“U.S. companies handling information about European consumers already are reeling from a decision to end a longstanding agreement allowing for easy transfer of data across the Atlantic. Now firms must determine how to comply with European Union data-privacy regulations that are closer than ever to going into effect.
Large firms already have been preparing for the new rules. “We have data about people in thousands of databases, some of which are legacy databases,” said Hilary Wandall, assistant VP compliance and chief privacy officer of Merck and Co, while speaking at a conference focused on the new EU privacy rules hosted by Truste in San Francisco on Dec. 8. “There are regulatory reasons why in many cases we actually have to keep data. So the actual requirement to erase data on people is fundamentally problematic,” she continued, noting the company sometimes needs to store data reflecting consumers’ opt-out requests.” – Kate Kaye, Advertising Age, December 18th 2015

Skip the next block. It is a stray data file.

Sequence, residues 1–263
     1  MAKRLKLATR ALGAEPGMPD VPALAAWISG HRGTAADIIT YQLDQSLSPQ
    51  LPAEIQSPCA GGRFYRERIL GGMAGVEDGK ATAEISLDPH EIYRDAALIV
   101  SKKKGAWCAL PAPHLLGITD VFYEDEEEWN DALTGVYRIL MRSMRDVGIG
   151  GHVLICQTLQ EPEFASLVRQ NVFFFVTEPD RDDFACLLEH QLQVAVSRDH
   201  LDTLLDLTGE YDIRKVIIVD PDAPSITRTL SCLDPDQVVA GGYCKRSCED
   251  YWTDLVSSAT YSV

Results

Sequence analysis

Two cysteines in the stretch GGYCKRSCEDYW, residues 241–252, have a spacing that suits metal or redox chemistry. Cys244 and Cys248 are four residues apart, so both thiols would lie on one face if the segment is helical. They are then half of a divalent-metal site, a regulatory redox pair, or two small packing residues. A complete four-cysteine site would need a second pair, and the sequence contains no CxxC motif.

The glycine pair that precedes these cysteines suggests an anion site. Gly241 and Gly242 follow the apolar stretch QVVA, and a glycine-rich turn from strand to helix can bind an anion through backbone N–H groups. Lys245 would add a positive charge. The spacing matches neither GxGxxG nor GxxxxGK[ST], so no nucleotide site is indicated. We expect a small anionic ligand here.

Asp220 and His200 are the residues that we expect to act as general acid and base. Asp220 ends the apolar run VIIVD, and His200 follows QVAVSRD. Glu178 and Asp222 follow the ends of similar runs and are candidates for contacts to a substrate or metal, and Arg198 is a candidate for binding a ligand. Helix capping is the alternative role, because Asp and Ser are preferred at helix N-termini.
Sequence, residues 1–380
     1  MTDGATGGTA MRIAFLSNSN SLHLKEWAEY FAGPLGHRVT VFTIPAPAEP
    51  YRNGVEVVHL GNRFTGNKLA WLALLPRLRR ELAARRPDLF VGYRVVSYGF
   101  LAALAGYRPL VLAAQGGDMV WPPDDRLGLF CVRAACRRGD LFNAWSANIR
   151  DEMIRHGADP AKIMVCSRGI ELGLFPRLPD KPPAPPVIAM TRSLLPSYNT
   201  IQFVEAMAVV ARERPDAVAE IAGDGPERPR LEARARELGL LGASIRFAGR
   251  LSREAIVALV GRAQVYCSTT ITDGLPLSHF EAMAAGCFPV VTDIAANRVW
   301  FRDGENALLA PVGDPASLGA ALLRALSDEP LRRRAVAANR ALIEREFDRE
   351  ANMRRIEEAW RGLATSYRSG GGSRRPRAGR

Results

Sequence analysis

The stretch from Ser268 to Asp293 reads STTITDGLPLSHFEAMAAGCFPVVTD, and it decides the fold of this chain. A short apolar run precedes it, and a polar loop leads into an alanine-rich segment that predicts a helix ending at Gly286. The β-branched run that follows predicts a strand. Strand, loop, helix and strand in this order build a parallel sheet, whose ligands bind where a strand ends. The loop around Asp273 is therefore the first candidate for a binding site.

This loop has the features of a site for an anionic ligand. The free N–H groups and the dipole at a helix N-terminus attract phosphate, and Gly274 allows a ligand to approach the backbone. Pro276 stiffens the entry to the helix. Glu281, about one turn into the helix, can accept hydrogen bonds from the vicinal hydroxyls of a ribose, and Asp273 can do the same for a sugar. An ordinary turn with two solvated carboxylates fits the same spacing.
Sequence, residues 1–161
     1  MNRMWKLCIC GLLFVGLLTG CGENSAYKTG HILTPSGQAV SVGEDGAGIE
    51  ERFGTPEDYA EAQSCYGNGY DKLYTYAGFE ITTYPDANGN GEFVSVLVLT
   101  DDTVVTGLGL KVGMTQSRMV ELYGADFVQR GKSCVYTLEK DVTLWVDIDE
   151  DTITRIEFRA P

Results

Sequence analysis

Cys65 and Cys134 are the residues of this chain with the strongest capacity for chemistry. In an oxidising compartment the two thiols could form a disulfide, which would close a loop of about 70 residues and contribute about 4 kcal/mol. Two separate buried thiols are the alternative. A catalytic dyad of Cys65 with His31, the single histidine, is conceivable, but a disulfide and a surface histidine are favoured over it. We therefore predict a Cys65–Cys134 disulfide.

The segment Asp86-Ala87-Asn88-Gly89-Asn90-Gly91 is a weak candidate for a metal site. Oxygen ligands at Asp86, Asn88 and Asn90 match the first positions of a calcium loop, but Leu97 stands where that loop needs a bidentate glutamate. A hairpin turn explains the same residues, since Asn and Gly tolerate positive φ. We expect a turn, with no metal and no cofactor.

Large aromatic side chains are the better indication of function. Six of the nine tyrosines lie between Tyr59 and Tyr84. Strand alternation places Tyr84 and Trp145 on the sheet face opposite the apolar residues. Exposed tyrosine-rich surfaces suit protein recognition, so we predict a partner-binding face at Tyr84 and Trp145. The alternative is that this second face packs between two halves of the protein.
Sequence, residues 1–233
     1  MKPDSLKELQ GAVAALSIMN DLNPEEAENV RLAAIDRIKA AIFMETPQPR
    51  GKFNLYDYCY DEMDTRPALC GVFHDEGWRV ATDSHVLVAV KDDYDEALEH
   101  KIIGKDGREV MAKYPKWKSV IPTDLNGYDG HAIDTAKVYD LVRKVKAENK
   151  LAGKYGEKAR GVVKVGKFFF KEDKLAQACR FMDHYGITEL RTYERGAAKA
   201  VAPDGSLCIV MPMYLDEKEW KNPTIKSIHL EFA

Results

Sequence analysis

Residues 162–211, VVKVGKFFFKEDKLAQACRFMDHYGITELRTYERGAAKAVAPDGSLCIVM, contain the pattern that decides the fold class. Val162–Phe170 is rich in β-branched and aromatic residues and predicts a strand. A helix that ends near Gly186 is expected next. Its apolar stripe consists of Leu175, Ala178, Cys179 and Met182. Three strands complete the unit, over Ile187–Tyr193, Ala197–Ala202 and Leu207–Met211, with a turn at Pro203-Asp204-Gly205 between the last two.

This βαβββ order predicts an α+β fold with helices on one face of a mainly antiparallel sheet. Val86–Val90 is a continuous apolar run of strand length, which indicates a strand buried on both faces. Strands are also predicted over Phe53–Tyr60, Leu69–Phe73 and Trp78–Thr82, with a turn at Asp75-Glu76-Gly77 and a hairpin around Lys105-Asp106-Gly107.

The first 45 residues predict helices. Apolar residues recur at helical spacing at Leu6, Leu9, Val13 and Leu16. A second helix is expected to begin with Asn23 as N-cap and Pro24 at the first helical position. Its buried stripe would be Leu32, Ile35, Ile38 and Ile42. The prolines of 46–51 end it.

Kate’s fascinating article covers GDPR from a totally different angle – that of the large, US based trans-national company with huge stakes in the British and European markets.
The problem with the GDPR is that data protection is it’s central theme, but with the free transfer of data necessary so many businesses now in jeopardy one must ask when data protection becomes data prohibition.
The reactions Kate cites in the article only confirm this.